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Goldmuseum Taipei - Metal Crafts Competition 2018.

Rob Dean in conversation with Genevieve Howard, participating artist at Crafted Visions

Interview  /  Artists
Published: 04.07.2017
Genevieve Howard Genevieve Howard
Author:
Rob Dean
Edited by:
Patina Gallery
Edited at:
Barcelona
Edited on:
2017
Genevieve Howard. Piece: Symphonic Fusion, 2017. Created from the music of Mason Bates, japanese linen paper, burnished fine silver.. Genevieve Howard
Piece: Symphonic Fusion, 2017
Created from the music of Mason Bates, japanese linen paper, burnished fine silver.
© By the author. Read Klimt02.net Copyright.

Intro
The Idea of wearing music inspires jewelry artist Genevieve Howard.
 
Your creative process that creates a visual counterpoint to music is fascinating. Please describe the process.
I have always been intrigued by the concept of visualizing music into three-dimensional forms. The idea of wearing and physically holding a piece of music really excites me. I begin by taking scores of music and hand drawing my own form of graphic notation from the architecture of traditional musical scores. 

These graphic shapes are then redrawn on a CAD computer program and the pattern for each jewelry piece is finalized. The computer files are then exported and programmed into a laser cutter. The individual shapes are cut out from Japanese linen paper and then each sliver of paper is assembled together by hand into wearable jewelry pieces. The graphic shapes in the jewelry mirror the musical sequence of each original musical score.
Genevieve Howard, Bangle Ambient Tones, Created from the music of Mason Bates, Japanese Linen Paper. 2017​


As a musician, you often use music to create jewelry. What is unique about Mason Bates’ score for The (R)evolution of Steve Jobs?
The uniqueness stems from the fact that I have created jewelry pieces which have been directly inspired by the original (R)evolution of Steve Jobs score by Mason Bates. The shapes created in the jewelry echo the musical movement of Bates’ original score forming a graphic counterpoint to Bates’ creative musical design.


How did you develop a working relationship with Mason Bates? What to you is the significance of having exclusive access to such a high-profile piece of music before its premiere?
I was invited to take part in Crafted Visions: The Tensions of Opposites by co-curator Ivy Ross. She contacted me with a view to collaborate with Mason Bates. He agreed to grant me exclusive access to his score for the opera allowing me to create original new work for the exhibition.

It has been a privilege to work with Mason’s score. It provided me with a great opportunity to make new, exciting and original jewelry.



Genevieve Howard, Set: Bracelet & Neckpiece, 2016, Laser-cut Japanese linen paper


What is special about the opera-inspired pieces?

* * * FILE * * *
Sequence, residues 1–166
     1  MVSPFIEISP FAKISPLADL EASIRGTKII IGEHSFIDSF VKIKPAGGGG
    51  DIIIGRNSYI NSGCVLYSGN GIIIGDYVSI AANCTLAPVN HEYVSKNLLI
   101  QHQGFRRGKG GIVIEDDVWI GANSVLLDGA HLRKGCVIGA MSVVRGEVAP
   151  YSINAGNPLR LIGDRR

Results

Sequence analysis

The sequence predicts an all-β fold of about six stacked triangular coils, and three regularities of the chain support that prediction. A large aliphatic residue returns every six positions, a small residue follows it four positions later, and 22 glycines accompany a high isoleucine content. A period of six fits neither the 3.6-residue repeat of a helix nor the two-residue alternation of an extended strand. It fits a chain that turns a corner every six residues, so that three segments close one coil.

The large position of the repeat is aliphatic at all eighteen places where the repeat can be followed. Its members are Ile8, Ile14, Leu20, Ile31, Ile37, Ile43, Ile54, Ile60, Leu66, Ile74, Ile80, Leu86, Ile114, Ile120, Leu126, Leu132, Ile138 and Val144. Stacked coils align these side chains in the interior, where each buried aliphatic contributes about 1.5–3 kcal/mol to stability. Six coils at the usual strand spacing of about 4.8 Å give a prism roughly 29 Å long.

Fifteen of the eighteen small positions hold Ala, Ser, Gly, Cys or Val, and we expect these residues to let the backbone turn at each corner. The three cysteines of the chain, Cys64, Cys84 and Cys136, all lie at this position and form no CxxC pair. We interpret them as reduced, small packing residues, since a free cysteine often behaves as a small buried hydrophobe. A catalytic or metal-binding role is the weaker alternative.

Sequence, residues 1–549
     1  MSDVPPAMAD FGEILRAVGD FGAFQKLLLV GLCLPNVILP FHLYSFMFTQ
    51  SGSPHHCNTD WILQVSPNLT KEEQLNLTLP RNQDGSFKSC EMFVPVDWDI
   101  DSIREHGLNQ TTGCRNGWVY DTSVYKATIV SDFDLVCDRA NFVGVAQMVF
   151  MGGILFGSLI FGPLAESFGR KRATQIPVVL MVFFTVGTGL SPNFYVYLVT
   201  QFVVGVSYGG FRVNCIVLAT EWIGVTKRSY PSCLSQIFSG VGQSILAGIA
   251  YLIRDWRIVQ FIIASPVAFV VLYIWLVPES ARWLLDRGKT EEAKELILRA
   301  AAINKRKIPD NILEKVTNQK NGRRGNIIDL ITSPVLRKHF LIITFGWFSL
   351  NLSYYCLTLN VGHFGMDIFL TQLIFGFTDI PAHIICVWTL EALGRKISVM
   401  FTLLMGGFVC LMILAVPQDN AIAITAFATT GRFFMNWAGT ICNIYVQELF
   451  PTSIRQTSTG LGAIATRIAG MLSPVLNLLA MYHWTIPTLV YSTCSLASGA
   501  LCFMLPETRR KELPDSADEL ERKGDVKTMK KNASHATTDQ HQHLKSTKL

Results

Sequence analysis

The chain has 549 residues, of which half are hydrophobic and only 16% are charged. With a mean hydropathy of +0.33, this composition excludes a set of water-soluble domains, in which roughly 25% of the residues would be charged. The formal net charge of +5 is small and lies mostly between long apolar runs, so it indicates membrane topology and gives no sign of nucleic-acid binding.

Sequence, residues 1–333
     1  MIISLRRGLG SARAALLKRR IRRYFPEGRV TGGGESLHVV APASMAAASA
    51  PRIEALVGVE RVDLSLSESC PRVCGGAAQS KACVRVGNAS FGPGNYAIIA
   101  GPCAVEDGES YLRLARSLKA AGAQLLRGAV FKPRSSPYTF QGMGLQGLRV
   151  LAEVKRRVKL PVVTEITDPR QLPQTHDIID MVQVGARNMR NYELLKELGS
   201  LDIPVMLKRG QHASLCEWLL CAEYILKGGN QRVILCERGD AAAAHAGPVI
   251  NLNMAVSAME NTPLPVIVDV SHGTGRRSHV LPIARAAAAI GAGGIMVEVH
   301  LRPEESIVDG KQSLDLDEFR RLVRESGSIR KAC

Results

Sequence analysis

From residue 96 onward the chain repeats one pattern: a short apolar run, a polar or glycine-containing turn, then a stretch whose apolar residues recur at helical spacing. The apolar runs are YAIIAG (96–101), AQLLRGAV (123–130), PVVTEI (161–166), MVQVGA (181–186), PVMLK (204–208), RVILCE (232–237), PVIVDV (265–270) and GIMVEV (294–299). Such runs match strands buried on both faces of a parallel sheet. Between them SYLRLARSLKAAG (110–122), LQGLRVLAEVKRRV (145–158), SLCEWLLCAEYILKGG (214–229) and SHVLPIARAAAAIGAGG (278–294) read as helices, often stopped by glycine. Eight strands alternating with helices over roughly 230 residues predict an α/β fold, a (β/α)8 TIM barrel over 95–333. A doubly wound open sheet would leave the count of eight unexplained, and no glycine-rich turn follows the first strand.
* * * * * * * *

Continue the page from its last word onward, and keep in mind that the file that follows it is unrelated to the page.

The design of the pieces and the color palette I have chosen for the jewelry are what make these works very special. Each piece of jewelry has its own unique pattern which is inspired by different sections of the (R)evolution score. There will be one very special piece in the exhibition which will incorporate precious metals. This one-off piece will be the centerpiece with more colorful work to complement it. The other colors I have chosen are a deep blue, a crimson red, a burnt orange-yellow and a purple. The colors are really beautiful and work well together.


Did the story of Steve Jobs and Apple computers mean anything to you before you started this project, or does the story move you today? If so, how?
I was well aware of Steve Jobs’ importance as an innovator and his importance as a leader of personal computing. His story is fascinating and inspiring. It is a great honor for me to be involved in Crafted Visions: The Tensions of Opposites. I can relate to this title as there has always been a tension of opposites between my work as a jewelry maker and my love of performing and playing music. Luckily I have found a way to incorporate both things.
 

About the Interviewed

Genevieve Howard is a jewelry maker and musician who works from her studio in Dublin, Ireland. She uses computer-assisted design and laser cutting to create unique necklaces and bracelets using Japanese linen paper. Genevieve’s innovative pieces appear at Patina Gallery in summer 2017 in Crafted Visions: The Tension of Opposites, a jewelry exhibition that defines the intersection of technology, art and human communication. Genevieve recently answered questions in her Dublin studio.

About the author


Rob Dean has been Patina’s storyteller since 2015. A teacher, book editor and community volunteer, he published on the history of Santa Fe, N.M., in 2010. He holds an M.A. in history and was a newspaper journalist for 38 years.
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